Sir Francés Drake
Sir Frances Drake
Between 1585 and 1586, relations between England and Spain grew worse. Elizabeth unleashed Drake on the Spanish in a series of raids that captured several cities in North and South America, taking treasure and inflicting damage on Spanish morale. These acts were part of what prompted Spain’s Philip II to invade England. He ordered the construction of a vast armada of warships, fully equipped and manned. In a preemptive strike, Drake conducted a raid on the Spanish city of Cadiz, destroying more than 30 ships and thousands of tons of supplies.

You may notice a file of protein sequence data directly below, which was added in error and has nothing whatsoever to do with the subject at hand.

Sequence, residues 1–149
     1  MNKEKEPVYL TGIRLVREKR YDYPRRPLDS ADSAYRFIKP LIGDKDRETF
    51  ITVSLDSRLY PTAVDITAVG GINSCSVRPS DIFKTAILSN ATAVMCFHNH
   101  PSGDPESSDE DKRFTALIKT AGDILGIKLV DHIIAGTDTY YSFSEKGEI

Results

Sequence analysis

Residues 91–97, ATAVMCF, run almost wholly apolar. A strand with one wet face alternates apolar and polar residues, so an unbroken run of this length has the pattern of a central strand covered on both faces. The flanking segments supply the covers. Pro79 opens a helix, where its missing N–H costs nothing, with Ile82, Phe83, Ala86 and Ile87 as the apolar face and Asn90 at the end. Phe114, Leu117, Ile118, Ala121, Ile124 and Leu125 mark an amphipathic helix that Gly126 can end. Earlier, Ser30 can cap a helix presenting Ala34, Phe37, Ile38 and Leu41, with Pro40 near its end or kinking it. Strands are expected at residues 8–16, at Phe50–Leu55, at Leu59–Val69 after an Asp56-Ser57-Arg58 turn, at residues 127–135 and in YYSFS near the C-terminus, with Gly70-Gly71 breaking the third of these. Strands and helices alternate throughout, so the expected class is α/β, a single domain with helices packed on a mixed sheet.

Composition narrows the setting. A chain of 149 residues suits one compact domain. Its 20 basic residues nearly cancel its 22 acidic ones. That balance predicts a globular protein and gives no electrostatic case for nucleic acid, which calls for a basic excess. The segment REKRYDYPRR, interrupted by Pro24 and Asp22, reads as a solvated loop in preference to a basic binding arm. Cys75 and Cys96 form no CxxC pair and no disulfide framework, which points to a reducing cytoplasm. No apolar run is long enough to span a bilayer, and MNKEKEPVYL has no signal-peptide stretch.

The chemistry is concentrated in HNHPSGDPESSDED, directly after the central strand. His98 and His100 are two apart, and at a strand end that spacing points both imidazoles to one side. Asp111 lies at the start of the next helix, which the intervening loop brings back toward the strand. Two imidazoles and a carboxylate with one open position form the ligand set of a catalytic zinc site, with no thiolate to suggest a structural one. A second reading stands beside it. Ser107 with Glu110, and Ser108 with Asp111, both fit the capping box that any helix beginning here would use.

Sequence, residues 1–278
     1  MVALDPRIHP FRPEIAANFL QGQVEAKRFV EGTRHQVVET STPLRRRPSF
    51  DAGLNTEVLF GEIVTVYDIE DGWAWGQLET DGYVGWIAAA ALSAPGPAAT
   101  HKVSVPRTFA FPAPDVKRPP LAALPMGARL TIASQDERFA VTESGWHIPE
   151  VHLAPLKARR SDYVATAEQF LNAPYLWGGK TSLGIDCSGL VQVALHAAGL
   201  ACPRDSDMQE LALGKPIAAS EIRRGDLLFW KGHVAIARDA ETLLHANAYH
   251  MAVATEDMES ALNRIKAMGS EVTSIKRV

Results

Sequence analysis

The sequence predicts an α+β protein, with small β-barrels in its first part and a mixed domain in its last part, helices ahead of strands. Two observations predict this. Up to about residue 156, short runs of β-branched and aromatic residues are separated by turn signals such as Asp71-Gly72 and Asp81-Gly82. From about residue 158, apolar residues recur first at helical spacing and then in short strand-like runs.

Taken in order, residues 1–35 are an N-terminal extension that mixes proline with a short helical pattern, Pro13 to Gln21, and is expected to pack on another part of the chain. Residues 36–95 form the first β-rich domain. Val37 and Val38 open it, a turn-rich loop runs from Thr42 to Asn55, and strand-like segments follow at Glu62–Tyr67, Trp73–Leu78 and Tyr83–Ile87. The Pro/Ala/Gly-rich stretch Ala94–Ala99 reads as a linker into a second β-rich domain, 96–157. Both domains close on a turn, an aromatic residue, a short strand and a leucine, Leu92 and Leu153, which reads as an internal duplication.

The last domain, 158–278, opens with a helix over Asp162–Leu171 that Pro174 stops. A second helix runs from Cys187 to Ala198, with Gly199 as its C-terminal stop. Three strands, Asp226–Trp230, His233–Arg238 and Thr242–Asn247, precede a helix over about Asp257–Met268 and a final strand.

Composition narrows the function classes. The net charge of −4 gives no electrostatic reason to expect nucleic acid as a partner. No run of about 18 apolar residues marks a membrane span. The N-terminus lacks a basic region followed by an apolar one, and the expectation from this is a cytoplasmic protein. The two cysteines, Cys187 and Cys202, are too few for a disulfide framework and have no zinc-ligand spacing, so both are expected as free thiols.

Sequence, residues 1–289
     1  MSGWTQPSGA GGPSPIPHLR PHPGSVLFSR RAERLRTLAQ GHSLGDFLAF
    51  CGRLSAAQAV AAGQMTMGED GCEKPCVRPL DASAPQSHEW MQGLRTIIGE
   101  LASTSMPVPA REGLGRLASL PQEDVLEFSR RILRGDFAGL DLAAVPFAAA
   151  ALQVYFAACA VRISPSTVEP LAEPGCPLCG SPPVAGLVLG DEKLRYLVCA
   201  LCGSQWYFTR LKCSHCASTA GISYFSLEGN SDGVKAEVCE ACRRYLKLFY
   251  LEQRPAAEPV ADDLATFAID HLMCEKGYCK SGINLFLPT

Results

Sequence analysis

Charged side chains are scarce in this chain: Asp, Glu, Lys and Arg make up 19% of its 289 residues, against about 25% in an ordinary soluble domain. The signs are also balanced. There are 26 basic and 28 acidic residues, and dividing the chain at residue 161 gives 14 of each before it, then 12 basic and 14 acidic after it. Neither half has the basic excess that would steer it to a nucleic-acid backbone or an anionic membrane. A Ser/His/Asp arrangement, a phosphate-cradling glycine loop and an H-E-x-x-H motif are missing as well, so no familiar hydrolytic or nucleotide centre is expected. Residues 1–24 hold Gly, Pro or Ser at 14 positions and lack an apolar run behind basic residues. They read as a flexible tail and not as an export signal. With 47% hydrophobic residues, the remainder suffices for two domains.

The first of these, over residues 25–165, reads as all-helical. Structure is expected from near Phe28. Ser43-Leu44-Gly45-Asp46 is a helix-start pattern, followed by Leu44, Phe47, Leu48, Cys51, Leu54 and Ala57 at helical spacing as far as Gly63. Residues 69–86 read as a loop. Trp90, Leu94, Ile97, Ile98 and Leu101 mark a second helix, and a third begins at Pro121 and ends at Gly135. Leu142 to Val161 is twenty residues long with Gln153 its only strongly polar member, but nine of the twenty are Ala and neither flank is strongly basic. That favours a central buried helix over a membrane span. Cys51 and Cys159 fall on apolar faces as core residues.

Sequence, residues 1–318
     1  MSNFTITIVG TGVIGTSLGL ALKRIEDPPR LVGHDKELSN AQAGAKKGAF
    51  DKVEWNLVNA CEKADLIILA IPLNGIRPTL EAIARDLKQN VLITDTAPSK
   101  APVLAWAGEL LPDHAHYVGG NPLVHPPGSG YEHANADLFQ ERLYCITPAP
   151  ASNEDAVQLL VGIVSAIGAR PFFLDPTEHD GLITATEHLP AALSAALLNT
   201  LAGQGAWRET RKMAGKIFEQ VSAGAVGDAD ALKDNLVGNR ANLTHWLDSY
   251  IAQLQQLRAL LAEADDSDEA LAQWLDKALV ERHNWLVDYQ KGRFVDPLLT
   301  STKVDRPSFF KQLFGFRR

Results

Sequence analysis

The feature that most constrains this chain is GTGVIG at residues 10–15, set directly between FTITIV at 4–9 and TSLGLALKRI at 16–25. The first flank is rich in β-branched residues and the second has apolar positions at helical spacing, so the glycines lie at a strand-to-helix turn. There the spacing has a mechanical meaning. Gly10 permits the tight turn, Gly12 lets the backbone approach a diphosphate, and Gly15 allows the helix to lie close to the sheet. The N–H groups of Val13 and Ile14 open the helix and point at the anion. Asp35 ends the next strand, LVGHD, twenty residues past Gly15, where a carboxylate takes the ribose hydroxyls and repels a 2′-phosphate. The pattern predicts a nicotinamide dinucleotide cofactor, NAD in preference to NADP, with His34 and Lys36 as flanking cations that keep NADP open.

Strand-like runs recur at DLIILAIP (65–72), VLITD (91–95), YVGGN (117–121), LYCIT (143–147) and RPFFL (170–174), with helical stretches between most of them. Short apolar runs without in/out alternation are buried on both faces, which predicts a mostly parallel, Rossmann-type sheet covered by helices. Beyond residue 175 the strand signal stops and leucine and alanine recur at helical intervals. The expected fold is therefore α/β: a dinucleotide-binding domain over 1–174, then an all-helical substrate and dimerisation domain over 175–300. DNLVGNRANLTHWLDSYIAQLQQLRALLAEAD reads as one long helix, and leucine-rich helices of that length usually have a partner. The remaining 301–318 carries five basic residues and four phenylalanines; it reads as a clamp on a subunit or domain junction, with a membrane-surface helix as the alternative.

Final Expeditions and Death
Drake returned home, and for the next several years busied himself with duties as mayor of Plymouth.
In 1595, the queen once again called upon Drake. He and his cousin Hawkins were to capture Spain's treasure supply in Panama, in hopes of cutting off revenue and ending the war. After defeat at Nombre de Dios, Drake's fleet moved farther west and anchored off the coast of Portobelo, Panama. There, Drake contracted dysentery and on January 28, 1596, died of a fever. He was buried in a lead coffin at sea near Portobelo. Divers continue to search for the coffin.